Last week, I took a look at github boxen. Here are my thoughts:

The good

  • automated workstation setup rocks
  • uses puppet, which is one of the major configuration management tools
  • it uses librarian-puppet, which looks pretty sophisticated, too

The bad

  • all dependencies, including project dependencies, are managed by a global Puppetfile. This is not too bad, since in the puppet modules could provide some versioning themselves. Unfortunately, they rarely do. So it can happen that you have two projects that depend on two different versions of a module. That's why varant rocks for project setups.
  • OS and OS versions are disregarded. All is tuned for OS X 10.8

Additional information

  • non-github puppet modules can be added with mod "MODULE", :git => "path_to_git_repo". See librarian-puppet.
  • ~/src is where your project installations will be. It can be customized, see here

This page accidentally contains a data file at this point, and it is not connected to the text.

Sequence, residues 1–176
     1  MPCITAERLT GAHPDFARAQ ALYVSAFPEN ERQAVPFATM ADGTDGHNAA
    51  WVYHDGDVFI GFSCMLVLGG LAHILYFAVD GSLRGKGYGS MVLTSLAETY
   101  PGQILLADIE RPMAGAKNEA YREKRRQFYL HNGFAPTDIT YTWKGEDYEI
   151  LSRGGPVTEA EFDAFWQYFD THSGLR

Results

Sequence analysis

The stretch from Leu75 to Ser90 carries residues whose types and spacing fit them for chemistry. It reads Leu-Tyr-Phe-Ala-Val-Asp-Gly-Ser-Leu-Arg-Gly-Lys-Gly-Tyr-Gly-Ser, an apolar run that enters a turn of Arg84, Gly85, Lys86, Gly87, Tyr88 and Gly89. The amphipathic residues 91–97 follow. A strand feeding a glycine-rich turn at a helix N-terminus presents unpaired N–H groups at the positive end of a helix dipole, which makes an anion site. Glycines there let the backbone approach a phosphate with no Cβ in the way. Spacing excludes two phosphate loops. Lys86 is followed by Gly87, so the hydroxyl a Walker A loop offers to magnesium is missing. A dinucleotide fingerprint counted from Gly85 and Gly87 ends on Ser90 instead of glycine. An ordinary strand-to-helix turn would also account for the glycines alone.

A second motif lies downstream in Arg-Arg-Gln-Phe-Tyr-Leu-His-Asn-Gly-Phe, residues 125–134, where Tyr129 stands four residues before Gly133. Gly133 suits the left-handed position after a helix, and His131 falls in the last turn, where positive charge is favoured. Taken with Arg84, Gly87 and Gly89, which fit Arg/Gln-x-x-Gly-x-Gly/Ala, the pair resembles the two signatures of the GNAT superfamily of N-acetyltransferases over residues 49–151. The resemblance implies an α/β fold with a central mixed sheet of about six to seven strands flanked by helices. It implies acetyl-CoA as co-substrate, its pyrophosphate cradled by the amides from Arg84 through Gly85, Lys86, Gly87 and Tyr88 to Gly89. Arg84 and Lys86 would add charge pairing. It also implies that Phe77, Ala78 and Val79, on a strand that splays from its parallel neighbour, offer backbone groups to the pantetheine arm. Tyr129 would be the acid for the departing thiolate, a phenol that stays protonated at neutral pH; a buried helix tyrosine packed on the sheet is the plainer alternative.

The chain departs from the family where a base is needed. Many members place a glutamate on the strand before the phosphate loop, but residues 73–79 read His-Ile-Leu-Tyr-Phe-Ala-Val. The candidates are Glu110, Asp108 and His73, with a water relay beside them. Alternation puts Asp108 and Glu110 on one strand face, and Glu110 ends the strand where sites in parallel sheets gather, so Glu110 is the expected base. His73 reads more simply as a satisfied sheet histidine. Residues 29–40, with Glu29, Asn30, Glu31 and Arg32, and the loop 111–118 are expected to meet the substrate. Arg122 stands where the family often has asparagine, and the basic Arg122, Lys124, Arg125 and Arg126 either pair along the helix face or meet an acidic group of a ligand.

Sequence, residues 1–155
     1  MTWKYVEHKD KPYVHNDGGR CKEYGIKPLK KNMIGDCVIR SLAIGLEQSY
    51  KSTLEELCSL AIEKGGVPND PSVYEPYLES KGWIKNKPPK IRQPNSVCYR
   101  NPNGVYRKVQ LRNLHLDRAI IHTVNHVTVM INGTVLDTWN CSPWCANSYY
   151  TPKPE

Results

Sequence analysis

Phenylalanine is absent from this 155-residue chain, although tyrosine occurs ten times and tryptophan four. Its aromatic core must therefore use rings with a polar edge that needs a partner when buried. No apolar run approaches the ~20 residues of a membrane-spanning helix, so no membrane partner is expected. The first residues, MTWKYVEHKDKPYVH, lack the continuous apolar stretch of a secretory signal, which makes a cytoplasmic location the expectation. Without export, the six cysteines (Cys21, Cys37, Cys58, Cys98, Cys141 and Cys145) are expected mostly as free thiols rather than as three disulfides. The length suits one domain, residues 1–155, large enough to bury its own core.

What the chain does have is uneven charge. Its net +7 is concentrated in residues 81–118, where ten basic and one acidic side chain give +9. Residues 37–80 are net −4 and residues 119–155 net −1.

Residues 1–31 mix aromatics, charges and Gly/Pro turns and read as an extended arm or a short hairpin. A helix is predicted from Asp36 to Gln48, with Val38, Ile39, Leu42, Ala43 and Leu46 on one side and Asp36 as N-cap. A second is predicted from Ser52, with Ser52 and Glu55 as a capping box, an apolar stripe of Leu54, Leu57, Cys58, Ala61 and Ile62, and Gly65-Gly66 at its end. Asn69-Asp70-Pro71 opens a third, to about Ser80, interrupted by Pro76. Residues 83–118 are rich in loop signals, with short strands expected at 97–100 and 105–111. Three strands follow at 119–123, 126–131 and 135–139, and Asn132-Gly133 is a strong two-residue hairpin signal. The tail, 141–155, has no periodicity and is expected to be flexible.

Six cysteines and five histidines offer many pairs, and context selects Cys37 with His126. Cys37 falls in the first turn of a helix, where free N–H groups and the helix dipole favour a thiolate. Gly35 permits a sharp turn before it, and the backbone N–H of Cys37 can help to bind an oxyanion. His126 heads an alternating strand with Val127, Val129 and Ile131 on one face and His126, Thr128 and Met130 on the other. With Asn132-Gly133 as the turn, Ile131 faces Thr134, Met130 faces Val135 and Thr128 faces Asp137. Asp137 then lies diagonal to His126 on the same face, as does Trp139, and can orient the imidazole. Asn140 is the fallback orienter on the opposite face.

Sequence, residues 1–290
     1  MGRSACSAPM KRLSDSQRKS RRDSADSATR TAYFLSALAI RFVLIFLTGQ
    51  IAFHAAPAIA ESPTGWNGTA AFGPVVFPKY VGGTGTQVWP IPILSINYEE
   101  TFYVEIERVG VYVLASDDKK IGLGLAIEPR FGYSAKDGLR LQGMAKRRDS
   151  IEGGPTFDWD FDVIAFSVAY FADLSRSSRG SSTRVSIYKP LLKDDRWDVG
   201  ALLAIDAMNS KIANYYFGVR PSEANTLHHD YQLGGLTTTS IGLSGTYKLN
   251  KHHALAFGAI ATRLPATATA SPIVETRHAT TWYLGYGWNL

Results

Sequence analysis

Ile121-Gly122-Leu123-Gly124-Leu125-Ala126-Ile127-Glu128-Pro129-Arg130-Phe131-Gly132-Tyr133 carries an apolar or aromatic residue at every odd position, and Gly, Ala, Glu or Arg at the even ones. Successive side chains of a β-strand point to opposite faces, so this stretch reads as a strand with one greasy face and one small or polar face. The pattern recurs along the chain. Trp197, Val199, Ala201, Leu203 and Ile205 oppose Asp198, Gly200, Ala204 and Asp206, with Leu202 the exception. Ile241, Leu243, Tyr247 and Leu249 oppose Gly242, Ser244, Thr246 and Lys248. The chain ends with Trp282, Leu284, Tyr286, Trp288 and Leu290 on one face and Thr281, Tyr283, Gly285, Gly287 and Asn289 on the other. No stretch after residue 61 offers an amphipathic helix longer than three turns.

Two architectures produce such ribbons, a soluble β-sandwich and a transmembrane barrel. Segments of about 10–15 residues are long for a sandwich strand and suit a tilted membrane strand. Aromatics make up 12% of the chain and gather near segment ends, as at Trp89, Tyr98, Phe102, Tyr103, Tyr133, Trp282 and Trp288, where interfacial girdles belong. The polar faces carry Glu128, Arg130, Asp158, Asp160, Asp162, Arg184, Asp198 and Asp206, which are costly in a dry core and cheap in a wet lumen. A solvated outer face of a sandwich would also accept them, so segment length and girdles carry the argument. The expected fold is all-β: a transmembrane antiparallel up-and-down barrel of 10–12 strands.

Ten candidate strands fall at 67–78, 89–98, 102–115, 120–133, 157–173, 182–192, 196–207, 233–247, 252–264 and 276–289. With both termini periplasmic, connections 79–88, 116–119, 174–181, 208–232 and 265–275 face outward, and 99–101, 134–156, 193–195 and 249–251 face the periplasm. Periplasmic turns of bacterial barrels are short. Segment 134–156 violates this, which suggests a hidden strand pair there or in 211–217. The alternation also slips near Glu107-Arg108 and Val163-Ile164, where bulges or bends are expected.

• depends on rbenv, so rvm is out of the picture since they are mutually exclusive. However, it looks as if this could be fixed soon since you always include a generic Ruby instead of a specific rbenv class.

Final thoughts

I am still not sure if a tool like boxen is necessary for personal workstations. In teams like github I can understand it's use, but if you are working solo, you have other tools at your disposal:

  • TimeMachine / Migration Assistant to create another installation just like your's.
  • Vagrant for projects. For projects, Vagrant is definelty better than boxen[^my_opinion], since you have total control over machine and tools (versions).

I really like the idea of an automated machine setup. So I will definelty check boxen out later again. But for now, I stay with my old setup.


[^my_opinion]: As always, this is my opinion. If you feel like I am disregarding an important fact, please leave a comment.